Shaine Edwards drank three bottles of Squirt™ while writing Snack Fantasy.
The apprentice had fallen asleep at the cauldron again.
This had happened on many occasions, and on another night it might have meant nothing. A recipe ruined, an ingredient lost, the wrath of his master. But not on this night, for tonight was the eve of the Imperial Tea Party. Tomorrow, the greatest confectioners in the kingdom would lay their wares before the Imperial Taster. One candy master would be named Royal Confiseur. The rest would be hanged. Such were the dangers of owning a candy shop in medieval times.
A smell woke him: a faint bouquet of burnt sugar and grenadine. He ran to the cauldron, cursing his laziness, and found it empty. The mixture had not boiled dry, for there was no hint of residue. It could not have evaporated— the syrup was much too heavy. It had simply vanished. It was as if the mixture of rare herbs, exotic sweeteners, holy nectars, and precious ambrosias had just congealed, stood up, and walked away.
Which, of course, is precisely what had happened. Sticky, fragrant footprints led away from the cauldron. Candle in hand, the apprentice followed them out of the workroom, down the dark stone stair, and into the unlit storefront of
A noise startled him. But it was only the familiar snoring of Lyla, the Chocolate Covered Anteater that Frank kept as a pet. All else was silence. A floorboard creaked behind him. He turned and peered into the back of the shop. What he saw was beautiful.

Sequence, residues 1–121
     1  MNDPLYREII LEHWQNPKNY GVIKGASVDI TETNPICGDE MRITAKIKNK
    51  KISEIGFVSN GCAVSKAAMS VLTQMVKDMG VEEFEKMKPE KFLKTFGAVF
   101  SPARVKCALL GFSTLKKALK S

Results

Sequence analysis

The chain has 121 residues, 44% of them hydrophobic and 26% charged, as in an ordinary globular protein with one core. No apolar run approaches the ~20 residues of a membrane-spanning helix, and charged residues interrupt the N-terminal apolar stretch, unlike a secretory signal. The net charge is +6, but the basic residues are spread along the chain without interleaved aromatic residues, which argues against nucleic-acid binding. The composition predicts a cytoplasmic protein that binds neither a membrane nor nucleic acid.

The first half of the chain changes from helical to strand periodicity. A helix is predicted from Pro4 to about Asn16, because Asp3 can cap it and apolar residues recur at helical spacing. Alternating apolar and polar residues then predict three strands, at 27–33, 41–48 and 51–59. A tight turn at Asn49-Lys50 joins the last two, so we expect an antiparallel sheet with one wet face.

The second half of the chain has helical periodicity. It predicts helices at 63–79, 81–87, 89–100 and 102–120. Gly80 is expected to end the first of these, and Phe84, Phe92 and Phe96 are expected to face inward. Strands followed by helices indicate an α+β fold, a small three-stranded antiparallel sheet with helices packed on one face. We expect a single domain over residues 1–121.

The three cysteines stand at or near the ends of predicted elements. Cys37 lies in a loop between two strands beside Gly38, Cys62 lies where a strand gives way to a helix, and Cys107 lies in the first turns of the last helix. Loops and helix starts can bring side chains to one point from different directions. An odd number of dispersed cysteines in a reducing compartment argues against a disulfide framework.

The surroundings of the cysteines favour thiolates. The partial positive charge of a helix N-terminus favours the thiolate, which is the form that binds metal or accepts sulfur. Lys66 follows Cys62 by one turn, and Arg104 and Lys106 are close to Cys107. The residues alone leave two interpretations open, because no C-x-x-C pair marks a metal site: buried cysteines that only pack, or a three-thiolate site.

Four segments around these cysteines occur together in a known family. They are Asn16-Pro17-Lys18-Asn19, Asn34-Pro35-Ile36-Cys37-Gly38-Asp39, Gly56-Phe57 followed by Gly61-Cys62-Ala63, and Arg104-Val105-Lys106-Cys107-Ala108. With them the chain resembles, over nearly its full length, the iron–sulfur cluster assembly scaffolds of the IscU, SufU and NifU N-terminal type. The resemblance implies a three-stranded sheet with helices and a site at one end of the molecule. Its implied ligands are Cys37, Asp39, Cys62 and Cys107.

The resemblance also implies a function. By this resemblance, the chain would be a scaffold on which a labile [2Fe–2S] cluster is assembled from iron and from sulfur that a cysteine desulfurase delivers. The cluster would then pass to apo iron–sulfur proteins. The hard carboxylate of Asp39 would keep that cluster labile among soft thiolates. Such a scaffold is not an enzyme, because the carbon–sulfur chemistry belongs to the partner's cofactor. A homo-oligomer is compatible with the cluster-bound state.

A woman, or a woman’s shape, towered above him. Her translucent skin was powdered with sugar. Peppermint eyes glistened above fondant cheeks. Candy floss hair hung in elegant braids. Licorice lips parted and spoke.
“Come closer,” she commanded, in a voice that was honey. He did not resist.
“I may have screwed up the recipe,” the apprentice thought aloud. Frank would never let him hear the end of this.
“You are my creator then?”
His chest swelled at the thought. The office of Royal Confiseur was surely his. Never again would he scrub a cauldron, or clean Lyla’s pen. The indignities of apprenticeship were behind him now.
“Yes,” he said. His stomach rumbled.
“Then let me thank you.” She said.
“Madame, I assure you, thanks are unnecessary” but as he spoke she pulled him toward her, and his protest died in a saccharine embrace. Sticky limbs enveloped him, much stronger than they appeared. Her head bent, her gummy lips found his, and the world disappeared in a candy kiss.
Stars exploded into confectionary constellations. Nougat nebulas blazed in his mind. Life’s sugarplum helix unfurled before him, revealing the appetizing whole of creation. Bonbon bodies spiraled forever in a delirious lollipop universe. This was emulsified infinity, Divinity’s secret recipe. The apprentice was gone. Only candy remained.
“BOY!” the Master’s anger broke sleep’s enchantment. “You’ve nodded off in the kitchen again!”
The apprentice awoke, and wondered if anything would ever taste the same.